“Be not afraid of greatness”
Shakespeare, Twelfth Night, II, v
Epiphany has finally arrived. Tomorrow morning the kids will wake up very early to ask us that we bring them to their grandparents’ to see what the kings have left for them there (in our family gift-giving between Santa and the Kings is very fair and well organized). After opening the gifts from kings, we will have a fabulous breakfast at which the star will be the Roscón de Reyes and hot chocolate … delicious.
This year I decided to make the Roscón myself and, after a few bumps in the road, I managed to bake not one, but three delicious roscones!
This recipe has been tested (which I find fundamental. In my quest for the perfect roscón, I’m afraid that a few of the recipes out there have never been tested…which is not cool if you do not warn beforehand) and there’s enough quantity for two good size roscones. I hope you enjoy it and that you have a very nice Epiphany day.
- 500 g bread flour
- 15 g fresh yeast
- 150 ml of milk
- 2 or 3 eggs depending on size (do not exceed 170 g)
- 120 g butter soft
- 12 g salt
- Candied fruits to taste (orange, pumpkin, cherry, melon ….)
- 125 g sugar
- 1 tablespoon rum
- 2 tablespoons orange blossom water
- Zest of 1 orange and 1 lemon
Dilute the yeast in 100 ml of warm milk. Put in a bowl 150 g of flour and pour in it the milk mixture, form with your fingertips a ball of dough. With the tip of a knife make a cross in the dough and cover with a damp towel or a film and let it sit in a draft-free place and not too cold for the dough to rise. The dough should increase two or three times in size and the cross will almost completely disappear when ready (a few hours). This dough will be our “sourdough” or starter dough.
When we are ready to continue, beat the eggs and add the rum, salt, sugar, orange blossom water, the remaining 50 ml of milk, butter and zests.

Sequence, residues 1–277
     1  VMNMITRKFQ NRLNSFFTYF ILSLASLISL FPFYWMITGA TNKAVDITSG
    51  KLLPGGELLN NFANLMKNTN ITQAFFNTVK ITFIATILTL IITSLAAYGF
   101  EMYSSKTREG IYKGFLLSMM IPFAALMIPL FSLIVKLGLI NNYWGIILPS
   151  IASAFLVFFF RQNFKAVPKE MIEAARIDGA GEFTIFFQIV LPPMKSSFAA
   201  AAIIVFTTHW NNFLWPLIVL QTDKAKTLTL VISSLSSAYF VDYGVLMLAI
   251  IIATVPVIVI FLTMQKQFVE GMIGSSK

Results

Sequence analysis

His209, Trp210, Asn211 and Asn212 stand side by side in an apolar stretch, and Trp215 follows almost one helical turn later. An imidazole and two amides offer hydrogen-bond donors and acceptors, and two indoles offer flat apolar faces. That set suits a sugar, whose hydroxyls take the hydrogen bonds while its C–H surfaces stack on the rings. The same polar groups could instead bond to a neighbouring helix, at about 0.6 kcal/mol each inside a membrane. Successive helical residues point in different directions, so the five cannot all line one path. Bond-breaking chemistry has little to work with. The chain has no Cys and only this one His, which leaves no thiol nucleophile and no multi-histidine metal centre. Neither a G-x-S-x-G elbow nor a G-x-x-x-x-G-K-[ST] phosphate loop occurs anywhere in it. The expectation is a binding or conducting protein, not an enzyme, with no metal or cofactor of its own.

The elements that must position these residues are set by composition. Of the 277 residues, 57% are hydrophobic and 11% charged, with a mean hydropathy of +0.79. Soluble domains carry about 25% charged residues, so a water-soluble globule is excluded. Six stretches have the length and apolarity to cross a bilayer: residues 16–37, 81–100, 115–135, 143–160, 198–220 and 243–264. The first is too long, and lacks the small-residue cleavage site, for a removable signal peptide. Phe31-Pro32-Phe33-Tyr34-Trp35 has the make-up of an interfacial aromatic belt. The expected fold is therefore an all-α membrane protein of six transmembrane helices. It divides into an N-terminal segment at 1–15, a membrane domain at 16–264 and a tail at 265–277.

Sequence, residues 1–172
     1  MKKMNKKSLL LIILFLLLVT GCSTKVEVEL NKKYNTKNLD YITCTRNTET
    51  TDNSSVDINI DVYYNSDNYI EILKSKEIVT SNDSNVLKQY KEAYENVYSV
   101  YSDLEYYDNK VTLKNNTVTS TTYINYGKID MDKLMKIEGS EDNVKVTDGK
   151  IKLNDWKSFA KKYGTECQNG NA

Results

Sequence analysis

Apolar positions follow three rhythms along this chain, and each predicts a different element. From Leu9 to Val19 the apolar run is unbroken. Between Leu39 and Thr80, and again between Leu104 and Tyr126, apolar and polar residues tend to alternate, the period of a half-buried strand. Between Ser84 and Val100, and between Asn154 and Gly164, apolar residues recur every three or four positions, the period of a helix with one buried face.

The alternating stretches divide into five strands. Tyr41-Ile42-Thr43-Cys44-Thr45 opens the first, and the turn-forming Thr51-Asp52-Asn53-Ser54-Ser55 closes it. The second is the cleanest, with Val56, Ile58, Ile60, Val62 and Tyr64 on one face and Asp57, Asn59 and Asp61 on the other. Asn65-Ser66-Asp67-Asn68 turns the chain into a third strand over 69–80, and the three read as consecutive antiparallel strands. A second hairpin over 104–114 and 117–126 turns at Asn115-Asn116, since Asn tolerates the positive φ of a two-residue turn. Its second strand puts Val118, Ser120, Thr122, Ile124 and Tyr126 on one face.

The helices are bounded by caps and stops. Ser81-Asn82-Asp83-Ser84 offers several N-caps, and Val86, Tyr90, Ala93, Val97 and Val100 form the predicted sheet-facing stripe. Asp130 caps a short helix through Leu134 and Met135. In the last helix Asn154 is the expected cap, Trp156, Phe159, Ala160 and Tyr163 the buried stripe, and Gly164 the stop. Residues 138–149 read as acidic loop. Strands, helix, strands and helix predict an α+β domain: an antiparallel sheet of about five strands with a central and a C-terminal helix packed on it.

In another bowl put the remaining flour (350 g) and with the help of a spatula, slowly add the mixture, turning until a thin and elastic dough is formed. Incorporate the “sourdough” that has been resting and mix them both together.
Knead the resulting dough vigorously, knocking it against the table for about 20 minutes. At the beginning the mixture is very sticky and seem like it will never acquire the necessary texture, but with patience and adding a bit of flour occasionally (and only if we begin to lose hope), in the end the dough will acquire a homogeneous and elastic texture and it will easily peel off from the work surface (preferably marble or silicone).
Once achieved, the dough must rest again until it increases its size two or three times (consider using a bowl large enough to avoid overflow, cover well with plastic wrap and a cloth). At this point I divided the dough in half, put them in different bowls, and allowed them to rest overnight (here you can choose, if you want to freeze or refrigerate one of them for using it later or another day). The next morning (today), I knead and formed the roscones and allow them to rest and rise again for a few hours. Just before we went to the Kings’ Parade, I baked one (which we ate when we returned as a snack with hot coco) and the other just went out of the oven as I write this post. But let’s not get ahead of ourselves.
After the dough has leavened, besmear your hands with oil and deflate the dough with your fist, knead lightly and form the roscón.
There are two ways of forming the roscón:
- Form a ball with the palm of your hand and roll it in circles. Then make a hole in the middle with your thumb and forefinger and continue to open the hole while turning the dough.
- After forming the ball, form a long loop then join the ends.
With the roscón already formed, cover with a cloth and let rise again with the same criteria as before (double size), but this time on the baking sheet.
Preheat oven to 180 ° C (350 ° F).
Finally, brush with beaten egg mixed with milk; decorate with candied fruits, almonds and sugar.
Bake the roscón for about 25 minutes. Two important issues at this time are:
- First, place the roscón in the lower area of the oven so it does not brown too quickly. If required, in the last minutes you can raise the tray a bit to finish browning
- Second, it is advisable to place a container or tray with water in the oven to add humidity.
Adapted from roscondereyes.net
Almost forgot! The Roscón de Reyes usually is filled with whipped cream or custard (nowadays also with mocha or chocolate) and inside are placed little “surprises”. If you get a figurine, then you will be the King or the Queen for the day; but if you get a bean, you’ll have to pay for the Roscón (the next one, I assume).
Tagged: Baked, confort food, cooking, desserts, Epiphany, family, food, homemade, King cake, kings' cake, orange blossom water, Roscón de Reyes, shakespeare twelfth night, Spain, Spanish cuisine, three kings cake